The June announcement from Canada by G8 leaders of an additional billion dollars for the failing Heavily Indebted Poor Country (HIPC) Trust Fund barely made a ripple in the sea of debt that impoverishes the South.
Certainly the HIPC Fund needs more funds. According to Christian Aid, poor countries in Africa are still repaying $15 billion every year for illegitimate debts. But if the number of people living in poverty is to be halved by 2015 (to meet the UN Millennium Goals), the G8 needs to re-examine its solutions.
To be eligible for relief under the HIPC process, debtor countries must first prepare a Poverty Reduction Strategy Paper and undergo economic restructuring. With International Monetary Fund (IMF) and World Bank guidance, governments typically cut budgets (including large-scale public sector lay-offs), make quick sales of state assets and undergo comprehensive trade deregulation.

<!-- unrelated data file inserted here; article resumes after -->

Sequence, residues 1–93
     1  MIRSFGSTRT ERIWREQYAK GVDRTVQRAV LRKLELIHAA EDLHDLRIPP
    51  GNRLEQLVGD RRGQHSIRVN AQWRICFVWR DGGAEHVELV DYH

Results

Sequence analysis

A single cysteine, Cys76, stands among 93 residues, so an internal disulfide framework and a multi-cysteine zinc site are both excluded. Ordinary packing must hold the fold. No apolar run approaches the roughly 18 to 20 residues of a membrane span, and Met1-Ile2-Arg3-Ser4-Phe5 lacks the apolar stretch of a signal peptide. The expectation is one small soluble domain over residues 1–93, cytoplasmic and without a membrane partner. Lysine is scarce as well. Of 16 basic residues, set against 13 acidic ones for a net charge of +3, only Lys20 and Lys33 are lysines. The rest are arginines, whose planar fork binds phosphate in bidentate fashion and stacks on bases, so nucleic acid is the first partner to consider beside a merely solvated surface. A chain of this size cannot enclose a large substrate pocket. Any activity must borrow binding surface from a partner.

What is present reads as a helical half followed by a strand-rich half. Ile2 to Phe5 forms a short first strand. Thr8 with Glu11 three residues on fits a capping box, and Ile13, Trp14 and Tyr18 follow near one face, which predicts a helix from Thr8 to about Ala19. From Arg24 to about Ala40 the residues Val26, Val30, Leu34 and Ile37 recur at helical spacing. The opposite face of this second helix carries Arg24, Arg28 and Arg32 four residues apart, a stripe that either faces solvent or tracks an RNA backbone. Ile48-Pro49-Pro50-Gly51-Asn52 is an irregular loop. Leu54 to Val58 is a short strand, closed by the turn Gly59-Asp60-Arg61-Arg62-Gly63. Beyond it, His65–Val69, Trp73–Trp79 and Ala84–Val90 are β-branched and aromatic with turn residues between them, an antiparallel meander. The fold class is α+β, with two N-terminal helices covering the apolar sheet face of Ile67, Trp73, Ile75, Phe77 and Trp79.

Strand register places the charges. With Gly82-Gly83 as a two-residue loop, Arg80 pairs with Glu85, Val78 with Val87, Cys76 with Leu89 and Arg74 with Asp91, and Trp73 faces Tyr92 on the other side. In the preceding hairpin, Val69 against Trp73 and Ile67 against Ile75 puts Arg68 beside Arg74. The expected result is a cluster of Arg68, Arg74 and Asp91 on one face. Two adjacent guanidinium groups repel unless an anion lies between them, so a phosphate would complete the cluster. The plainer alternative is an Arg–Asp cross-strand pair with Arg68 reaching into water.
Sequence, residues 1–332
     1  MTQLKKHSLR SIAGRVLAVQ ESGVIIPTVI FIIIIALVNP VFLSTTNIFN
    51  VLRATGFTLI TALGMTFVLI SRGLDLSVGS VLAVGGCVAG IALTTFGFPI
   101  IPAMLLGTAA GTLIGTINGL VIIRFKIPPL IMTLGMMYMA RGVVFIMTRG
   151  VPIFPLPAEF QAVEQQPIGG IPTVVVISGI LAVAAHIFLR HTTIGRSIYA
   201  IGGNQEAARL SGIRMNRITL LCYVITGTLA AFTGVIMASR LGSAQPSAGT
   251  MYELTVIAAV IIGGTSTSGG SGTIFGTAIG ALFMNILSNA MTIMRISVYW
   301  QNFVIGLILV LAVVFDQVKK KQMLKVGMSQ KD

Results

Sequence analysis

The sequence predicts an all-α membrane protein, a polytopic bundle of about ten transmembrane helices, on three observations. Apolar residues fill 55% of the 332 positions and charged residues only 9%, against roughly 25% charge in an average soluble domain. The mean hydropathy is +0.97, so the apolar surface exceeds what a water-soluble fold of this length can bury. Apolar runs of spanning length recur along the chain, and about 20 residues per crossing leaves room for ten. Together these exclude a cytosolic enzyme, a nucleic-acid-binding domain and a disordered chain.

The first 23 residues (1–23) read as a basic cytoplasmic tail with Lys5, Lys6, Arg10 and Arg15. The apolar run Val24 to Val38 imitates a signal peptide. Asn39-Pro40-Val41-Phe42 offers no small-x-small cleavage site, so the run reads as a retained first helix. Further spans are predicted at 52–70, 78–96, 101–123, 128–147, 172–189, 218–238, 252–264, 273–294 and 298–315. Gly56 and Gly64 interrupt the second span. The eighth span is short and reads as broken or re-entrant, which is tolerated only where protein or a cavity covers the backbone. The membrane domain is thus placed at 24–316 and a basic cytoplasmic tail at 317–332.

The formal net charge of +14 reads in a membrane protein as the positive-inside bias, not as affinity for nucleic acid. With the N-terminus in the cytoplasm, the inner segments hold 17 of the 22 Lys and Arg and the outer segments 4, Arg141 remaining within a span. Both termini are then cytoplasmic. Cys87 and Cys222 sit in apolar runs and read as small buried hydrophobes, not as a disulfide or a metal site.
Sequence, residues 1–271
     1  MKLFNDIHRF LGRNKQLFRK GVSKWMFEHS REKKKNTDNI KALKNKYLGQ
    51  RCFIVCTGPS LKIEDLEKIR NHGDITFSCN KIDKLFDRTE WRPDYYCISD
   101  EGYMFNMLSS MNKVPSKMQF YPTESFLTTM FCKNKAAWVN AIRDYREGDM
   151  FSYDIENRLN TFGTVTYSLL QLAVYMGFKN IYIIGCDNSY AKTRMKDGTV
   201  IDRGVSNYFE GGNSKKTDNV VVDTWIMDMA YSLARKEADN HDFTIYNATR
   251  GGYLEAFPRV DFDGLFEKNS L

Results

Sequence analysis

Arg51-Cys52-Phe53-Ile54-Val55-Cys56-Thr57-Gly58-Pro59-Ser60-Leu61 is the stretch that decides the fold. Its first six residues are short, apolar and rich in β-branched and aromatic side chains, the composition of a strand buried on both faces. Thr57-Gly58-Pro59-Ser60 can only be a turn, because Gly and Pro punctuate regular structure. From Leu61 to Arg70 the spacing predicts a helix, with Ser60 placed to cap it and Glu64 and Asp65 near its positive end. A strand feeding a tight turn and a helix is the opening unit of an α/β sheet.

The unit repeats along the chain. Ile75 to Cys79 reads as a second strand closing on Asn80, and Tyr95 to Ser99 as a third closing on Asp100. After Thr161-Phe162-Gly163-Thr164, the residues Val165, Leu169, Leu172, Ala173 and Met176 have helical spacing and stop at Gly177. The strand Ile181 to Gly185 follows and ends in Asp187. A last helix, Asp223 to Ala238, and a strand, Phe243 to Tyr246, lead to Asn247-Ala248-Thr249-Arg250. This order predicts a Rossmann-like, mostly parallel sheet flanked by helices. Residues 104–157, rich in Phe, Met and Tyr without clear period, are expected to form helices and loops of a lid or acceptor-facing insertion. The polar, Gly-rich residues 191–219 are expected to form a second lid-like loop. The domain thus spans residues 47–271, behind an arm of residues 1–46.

Six years after the initial HIPC initiative was established, only six countries – Uganda, Mozambique, Bolivia, Tanzania, Burkina Faso and Mauritania – have completed the debt-relief process. Uganda has been able
to double its primary-school enrolment – but at the cost of increased interference in its economy. The country cannot accept more than 12 per cent of its gross domestic product in foreign aid.
Other countries have failed to maintain their eligibility for debt relief. When Jubilee USA met with IMF staff in May this year, they found that six countries – Gambia, Guyana, Guinea, Guinea-Bissau, Malawi and Nicaragua – had been suspended from the HIPC process, primarily for non-compliance with agreements they’d previously reached with the IMF. Examples of non-compliance include failing either to privatize or cut expenditure.
In Canada, the G8 leaders announced that they expect 37 countries that follow ‘sound economic policies and good governance’ to benefit from debt reduction. Their focus on economies once again forgets the people.
Keep abreast of debt relief developments at [http://www.jubileeusa.org]